I don’t agree with people when they look back at the 50’s and call it the “good ole’ days.” I’m so happy to be growing up in a time when people are not only encouraged to be themselves but celebrated for it. Sure, discrimination is still alive. Just look at the comments section of any article ever written on the internet and you’ll see that hate still prevails. You can’t erase ignorance and stupidity overnight. However, we have made so much progress. And I have a lot of faith in future generations to continue to become more and more accepting.
Unfortunately, some people have taken this way too far. I find myself on a daily basis reading an article and thinking, “Really? Who cares? Are we really getting this worked up over something so trivial?” Usually this happens when I read something on Buzzfeed, who likes to pull a few tweets from angry complainers and act like the whole world is outraged.
The cool thing at the moment is to be offended. If you’re not offended, then you’re an ignorant, privileged, asshole who is clearly out of touch with reality. But why wouldn’t you get offended these days? It’ll allow you to get your fifteen minutes of fame and you may even get a gift card out of it.
The latest story that has made me question if I’m genuinely missing something is the one about the girl in the Old Navy t-shirt. I’m sure by now you’ve heard about it, but if not, here it is.
As soon as I read the story, it struck me as someone making a mountain out of a molehill. A mother and a daughter made a statement about a tank top and this woman decides that she’s personally been victimized. So now we have to monitor the comments we make about clothing when we’re shopping because we may be viewed as insensitive? I feel bad for the woman in this story but not because of the comments made by the mother and daughter. I feel bad for her well-being if comments said by strangers about an article of clothing are going to send her over the edge.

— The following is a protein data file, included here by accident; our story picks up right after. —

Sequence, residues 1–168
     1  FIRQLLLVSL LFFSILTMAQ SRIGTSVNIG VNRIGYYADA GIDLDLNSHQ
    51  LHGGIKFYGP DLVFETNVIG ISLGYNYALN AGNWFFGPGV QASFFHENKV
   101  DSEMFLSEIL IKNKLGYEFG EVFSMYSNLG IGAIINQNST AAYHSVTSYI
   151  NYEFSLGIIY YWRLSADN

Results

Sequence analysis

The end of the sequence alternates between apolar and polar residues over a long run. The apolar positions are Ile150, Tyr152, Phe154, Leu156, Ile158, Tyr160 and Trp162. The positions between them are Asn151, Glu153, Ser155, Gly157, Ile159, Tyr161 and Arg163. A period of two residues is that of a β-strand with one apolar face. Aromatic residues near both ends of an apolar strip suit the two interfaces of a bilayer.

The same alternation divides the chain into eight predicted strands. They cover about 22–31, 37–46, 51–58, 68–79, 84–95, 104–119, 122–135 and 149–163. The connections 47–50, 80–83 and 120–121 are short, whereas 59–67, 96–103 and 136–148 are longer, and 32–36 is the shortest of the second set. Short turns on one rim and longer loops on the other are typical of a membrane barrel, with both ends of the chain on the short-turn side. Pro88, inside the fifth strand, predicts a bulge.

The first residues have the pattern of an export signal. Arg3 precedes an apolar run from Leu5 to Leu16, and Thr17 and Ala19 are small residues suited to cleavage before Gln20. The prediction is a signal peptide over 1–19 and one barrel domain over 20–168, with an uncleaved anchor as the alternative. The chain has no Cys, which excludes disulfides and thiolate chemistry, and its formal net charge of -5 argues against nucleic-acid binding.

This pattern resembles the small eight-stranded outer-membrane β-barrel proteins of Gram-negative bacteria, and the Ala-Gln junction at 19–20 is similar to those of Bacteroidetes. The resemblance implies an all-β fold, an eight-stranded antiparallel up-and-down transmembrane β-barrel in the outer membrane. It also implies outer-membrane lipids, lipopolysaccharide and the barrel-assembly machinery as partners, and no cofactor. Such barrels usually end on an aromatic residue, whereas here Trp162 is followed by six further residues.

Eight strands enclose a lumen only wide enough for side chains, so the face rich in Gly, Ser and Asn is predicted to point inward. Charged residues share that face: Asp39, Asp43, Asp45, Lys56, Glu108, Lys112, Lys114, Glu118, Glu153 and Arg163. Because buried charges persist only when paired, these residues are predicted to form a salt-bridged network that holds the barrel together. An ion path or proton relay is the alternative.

If a tank top is big and someone calls it big, how is that offensive? I wonder how this story would have been perceived if it was about someone making comments about a size-small article of clothing. “This looks like it should be in Babies R Us.” “This wouldn’t go past my ankle.” Comments like these are made every day. People are allowed to make general observations about clothes while shopping.
I was once shopping at Forever 21 and overheard these girls make the following statement about leggings, “These are for those skinny bitches with no ass.” Well this skinny bitch with no ass was looking through those leggings so I can buy a pair. If I had known better, I should have taken a picture of myself in those leggings and posted a thesis about how I was personally victimized by the comments made by random strangers; comments that were not directed towards me but towards clothing. I probably could have gotten myself a lot more traffic to this blog and maybe a $50 gift card.
This woman being happy and confident in her tank top is awesome. Women are bombarded with enough Photoshopped bodies that feeling comfortable in your own skin is an amazing thing. I applaud her for that. However, she could have done so without trying to bring down a mother and daughter who probably weren’t even aware of her presence in the store. I’ve seen comments calling the mother a horrible parent. Again, I have to ask, how does calling a big shirt big make someone a horrible mother? If I ever have a child, I’ll be sure to have them refrain from making comments about inanimate objects so I don’t accidentally offend someone.